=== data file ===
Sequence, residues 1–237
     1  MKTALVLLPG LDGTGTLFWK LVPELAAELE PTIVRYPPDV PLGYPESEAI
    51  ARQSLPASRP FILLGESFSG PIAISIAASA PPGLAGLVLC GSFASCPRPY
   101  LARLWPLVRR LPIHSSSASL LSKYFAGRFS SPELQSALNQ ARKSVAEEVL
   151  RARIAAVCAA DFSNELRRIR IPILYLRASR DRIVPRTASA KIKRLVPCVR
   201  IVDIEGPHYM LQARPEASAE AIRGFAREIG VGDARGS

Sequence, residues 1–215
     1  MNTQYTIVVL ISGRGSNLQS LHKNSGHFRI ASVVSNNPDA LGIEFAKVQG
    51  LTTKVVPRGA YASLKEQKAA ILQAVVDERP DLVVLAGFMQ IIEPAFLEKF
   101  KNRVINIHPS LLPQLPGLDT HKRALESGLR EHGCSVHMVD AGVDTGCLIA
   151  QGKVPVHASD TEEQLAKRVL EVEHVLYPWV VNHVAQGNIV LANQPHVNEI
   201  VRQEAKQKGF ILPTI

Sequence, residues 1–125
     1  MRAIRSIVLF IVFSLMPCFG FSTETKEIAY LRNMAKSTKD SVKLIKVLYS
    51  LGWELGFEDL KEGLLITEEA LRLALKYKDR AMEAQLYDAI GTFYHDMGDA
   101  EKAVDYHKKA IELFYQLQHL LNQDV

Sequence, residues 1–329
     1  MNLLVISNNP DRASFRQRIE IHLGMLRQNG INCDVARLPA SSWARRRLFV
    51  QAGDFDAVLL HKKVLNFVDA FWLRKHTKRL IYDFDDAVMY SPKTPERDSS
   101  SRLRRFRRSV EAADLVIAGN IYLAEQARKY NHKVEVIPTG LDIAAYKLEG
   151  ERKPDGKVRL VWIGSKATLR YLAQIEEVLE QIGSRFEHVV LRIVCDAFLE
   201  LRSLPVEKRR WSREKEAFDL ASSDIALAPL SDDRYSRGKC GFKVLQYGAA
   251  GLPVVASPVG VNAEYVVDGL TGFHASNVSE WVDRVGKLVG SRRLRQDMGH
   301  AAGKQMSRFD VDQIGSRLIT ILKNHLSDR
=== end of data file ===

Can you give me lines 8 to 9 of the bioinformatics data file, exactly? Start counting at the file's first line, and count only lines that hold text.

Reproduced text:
     1  MNTQYTIVVL ISGRGSNLQS LHKNSGHFRI ASVVSNNPDA LGIEFAKVQG
    51  LTTKVVPRGA YASLKEQKAA ILQAVVDERP DLVVLAGFMQ IIEPAFLEKF